Curmudgeonly Cooking: Bread VII: Paydirt

The title of the book that is my bread bible is called “Bread In Five Minutes A Day”. This is because you can (in theory) use the goop you’ve stored in your fridge to form a bread loaf in under five minutes. While technically true it’s a lot like calling a reduction in the projected rate of spending a “tax cut”. That shit won’t fly on my blog!

I differ from the basic plan by baking all of the dough in one shot. Why? Because I’ve got a damn day job and can’t sit on my ass baby sitting an oven every day. Harrumph!

Today’s baking day. Go to the kitchen table that was spotless yesterday and use a pitchfork to heave everyone’s crap off of it again. How does clutter grow so fast; it’s like kudzu on crack! Wipe down the table and get out your bucket of dough out of the fridge.

Chilling it overnight (or longer) has made it stiffer and easier to handle. Also the dough (which has never been kneaded has a strange structure that looks like wood cellulose that’s been microwaved on Jupiter. Analogies fail me…just go with it.

You’re going to need some more equipment:

  • A flat thing (to put the dough on while not baking).
  • A flat scoopy thing (to maneuver the dough into the oven).
  • A basting brush.
  • Cornmeal (to keep the dough from sticking to the flat thing.)
  • A bread knife (for installing expansion joints).
  • Poppy seeds (for bragging rights and to screw up drug tests).
  • Some flour.
  • Scissors.

Get a flat surfaced object, like a cookie sheet, pizza peel, or an Barry Manilow LP record and sprinkle cornmeal on it. Cornmeal is cheap, don’t scrimp. The cornmeal isn’t really part of the food, it’s there to keep the dough from sticking. (For those of you who don’t know what an LP or 33 RPM record happens to be, Google “life before iPods took over the universe”; you’ll be fascinated.)

Now put some flour on your hands, this is to keep the dough from sticking to your hands. Plunge one hand into the bowl and come up with a grapefruit sized glob of the dough. It’ll stretch and won’t break free from the mother glob. You’re aiming for ¼ of the total volume in the bucket. Cut it off with the shears.

What happens next is hard to describe. Use your hands (coated with flour) to grab the bottom of the glob and wrap it over the top. You’re trying to make a “smoothish” surfaced bread glob that’s without resorting to a “patting motion” like you’d use when making a snowball. Make it roughly football shaped and don’t try for perfection. I’m not sure of the exact biology here but the gluten is elastic and wants to stretch “around” the loaf you’re forming but it doesn’t like being separated and squished back in. (That’s my understanding…for all I know it’s caused by magic refrigerator Smurfs.) Don’t over think it. You’ll know when you’ve done it right. Allocate 30 seconds or less of screwing around and if you haven’t made the shape you want just give up and go with what you’ve got. You’ve almost certainly made something good enough.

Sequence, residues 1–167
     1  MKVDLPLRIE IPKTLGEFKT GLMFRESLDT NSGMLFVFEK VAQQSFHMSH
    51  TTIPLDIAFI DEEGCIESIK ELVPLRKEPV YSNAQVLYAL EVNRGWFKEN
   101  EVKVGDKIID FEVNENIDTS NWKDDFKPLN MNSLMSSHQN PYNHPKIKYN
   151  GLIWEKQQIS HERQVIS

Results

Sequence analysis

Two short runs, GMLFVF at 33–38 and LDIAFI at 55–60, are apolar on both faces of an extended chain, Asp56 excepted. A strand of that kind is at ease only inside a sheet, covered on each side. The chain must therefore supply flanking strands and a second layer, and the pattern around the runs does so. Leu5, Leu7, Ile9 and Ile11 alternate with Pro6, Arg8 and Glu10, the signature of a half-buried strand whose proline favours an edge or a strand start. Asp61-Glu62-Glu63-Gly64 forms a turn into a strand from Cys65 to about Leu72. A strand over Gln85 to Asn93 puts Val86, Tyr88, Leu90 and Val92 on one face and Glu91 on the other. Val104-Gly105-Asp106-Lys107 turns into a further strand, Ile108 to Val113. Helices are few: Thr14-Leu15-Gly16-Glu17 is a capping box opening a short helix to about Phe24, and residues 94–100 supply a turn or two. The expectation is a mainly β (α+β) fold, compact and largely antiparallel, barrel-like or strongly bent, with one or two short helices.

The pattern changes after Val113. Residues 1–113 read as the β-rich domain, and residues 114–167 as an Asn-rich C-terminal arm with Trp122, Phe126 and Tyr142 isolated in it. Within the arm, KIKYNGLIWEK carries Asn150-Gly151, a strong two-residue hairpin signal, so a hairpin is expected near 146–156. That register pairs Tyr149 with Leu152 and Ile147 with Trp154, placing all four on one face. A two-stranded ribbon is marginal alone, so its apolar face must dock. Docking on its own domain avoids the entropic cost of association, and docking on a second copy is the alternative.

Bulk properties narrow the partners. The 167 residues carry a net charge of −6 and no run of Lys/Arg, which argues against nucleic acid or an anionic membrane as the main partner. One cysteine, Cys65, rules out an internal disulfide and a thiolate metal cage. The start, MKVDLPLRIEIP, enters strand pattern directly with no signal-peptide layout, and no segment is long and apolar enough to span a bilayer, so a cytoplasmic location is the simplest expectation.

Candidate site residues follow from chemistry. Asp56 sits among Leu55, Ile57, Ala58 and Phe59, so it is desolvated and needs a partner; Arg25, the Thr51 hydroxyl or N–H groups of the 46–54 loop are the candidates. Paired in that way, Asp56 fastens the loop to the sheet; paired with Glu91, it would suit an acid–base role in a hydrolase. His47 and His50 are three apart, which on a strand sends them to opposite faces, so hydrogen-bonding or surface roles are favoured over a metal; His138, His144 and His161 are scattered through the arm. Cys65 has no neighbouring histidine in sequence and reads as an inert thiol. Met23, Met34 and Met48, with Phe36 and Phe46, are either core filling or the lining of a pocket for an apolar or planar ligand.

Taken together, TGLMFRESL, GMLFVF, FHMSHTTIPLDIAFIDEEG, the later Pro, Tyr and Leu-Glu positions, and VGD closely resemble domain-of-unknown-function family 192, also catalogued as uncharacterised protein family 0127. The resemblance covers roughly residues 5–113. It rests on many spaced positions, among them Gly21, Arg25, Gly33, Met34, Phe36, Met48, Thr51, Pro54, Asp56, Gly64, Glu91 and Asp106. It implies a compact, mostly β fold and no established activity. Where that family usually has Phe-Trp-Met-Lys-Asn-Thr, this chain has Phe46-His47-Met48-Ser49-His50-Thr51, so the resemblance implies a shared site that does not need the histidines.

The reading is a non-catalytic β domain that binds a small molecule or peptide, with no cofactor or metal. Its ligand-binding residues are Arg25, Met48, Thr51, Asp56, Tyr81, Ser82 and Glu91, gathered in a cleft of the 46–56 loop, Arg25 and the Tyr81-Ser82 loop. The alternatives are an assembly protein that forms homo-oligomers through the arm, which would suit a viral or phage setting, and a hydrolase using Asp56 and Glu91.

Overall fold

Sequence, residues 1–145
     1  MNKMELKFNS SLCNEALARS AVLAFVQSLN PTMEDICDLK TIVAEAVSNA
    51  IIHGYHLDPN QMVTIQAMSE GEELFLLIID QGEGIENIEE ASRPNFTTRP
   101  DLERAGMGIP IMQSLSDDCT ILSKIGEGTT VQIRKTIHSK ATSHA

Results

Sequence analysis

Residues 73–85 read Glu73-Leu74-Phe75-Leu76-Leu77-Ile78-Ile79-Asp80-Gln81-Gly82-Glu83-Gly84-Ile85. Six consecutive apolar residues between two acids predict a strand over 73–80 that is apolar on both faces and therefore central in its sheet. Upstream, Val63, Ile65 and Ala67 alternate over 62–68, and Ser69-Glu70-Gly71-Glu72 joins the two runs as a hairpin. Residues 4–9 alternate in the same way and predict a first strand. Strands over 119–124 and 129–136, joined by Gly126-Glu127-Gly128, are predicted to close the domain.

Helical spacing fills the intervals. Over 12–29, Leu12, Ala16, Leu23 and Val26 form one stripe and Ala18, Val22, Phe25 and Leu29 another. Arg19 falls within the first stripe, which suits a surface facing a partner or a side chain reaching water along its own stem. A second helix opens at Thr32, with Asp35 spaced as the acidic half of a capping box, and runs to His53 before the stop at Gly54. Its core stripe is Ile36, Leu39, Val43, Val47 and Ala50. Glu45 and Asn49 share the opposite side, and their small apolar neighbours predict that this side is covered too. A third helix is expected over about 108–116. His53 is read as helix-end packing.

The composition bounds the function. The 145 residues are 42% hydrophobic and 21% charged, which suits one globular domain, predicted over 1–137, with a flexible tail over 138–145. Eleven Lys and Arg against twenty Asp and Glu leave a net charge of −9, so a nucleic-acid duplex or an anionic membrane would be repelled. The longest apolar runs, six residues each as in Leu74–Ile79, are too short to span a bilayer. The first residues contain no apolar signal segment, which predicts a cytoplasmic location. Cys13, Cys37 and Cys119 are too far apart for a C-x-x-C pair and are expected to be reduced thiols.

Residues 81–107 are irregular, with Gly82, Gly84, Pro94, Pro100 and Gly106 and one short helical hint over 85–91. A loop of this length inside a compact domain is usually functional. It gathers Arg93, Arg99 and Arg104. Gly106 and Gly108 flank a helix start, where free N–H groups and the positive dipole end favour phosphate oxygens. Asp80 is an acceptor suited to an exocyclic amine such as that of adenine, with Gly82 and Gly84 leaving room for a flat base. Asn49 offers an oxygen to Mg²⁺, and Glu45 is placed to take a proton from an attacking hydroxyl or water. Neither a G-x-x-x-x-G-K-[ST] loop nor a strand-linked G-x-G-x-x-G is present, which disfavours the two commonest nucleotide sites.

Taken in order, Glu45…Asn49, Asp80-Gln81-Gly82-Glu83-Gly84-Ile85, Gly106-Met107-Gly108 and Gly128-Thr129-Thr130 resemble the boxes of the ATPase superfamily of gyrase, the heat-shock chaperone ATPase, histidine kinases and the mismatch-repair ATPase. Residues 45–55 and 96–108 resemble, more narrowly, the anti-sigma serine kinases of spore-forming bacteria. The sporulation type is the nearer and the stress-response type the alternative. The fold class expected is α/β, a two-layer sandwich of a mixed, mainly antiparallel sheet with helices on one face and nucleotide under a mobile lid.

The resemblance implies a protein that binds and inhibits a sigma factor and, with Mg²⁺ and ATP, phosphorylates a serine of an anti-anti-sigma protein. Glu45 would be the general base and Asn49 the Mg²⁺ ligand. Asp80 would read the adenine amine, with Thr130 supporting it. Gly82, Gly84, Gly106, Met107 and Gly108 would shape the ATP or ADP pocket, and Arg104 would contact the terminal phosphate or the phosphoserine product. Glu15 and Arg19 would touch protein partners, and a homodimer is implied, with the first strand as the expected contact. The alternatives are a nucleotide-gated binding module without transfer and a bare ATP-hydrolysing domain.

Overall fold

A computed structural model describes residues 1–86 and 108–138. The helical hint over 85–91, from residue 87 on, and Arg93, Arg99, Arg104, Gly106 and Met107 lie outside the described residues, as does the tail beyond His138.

Do the same thing three more times. You should have four loaves. You should have done it in a couple of minutes. They look roughly like flattish dinosaur eggs to me. If they look like that to you…everything’s shiny.

Wash your bread bucket and put it in the strainer. Crack a beer. Repeat.

The loaves will rise slightly. As far as I can tell it’s not a big deal how much they rise. Focus on the beer. You have very little to do for 90 minutes. Enjoy it.

Warning: you do not have enough time to change the oil in the car, reshingle the roof, or split wood. Park your ass and relax. See? Baking is fun!

After 60 minutes start preheating the oven. 450 degrees. Shove the baking stone in there. Check that you’ve got a broiler pan to add water for steam but don’t add water yet.